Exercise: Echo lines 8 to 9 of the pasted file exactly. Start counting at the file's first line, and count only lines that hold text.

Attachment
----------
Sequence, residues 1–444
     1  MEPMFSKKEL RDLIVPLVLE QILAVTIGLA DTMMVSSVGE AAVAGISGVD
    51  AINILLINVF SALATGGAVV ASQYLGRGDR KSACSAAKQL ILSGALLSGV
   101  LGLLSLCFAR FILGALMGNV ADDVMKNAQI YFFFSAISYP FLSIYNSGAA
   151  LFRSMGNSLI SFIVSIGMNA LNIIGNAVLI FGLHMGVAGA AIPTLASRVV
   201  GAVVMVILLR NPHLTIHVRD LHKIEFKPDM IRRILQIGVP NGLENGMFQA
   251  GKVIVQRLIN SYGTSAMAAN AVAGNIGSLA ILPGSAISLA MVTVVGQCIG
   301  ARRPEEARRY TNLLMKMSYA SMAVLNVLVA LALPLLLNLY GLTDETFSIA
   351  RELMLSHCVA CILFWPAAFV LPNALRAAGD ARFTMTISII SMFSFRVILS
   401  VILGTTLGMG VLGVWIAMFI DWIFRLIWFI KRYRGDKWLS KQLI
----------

   301  ARRPEEARRY TNLLMKMSYA SMAVLNVLVA LALPLLLNLY GLTDETFSIA
   351  RELMLSHCVA CILFWPAAFV LPNALRAAGD ARFTMTISII SMFSFRVILS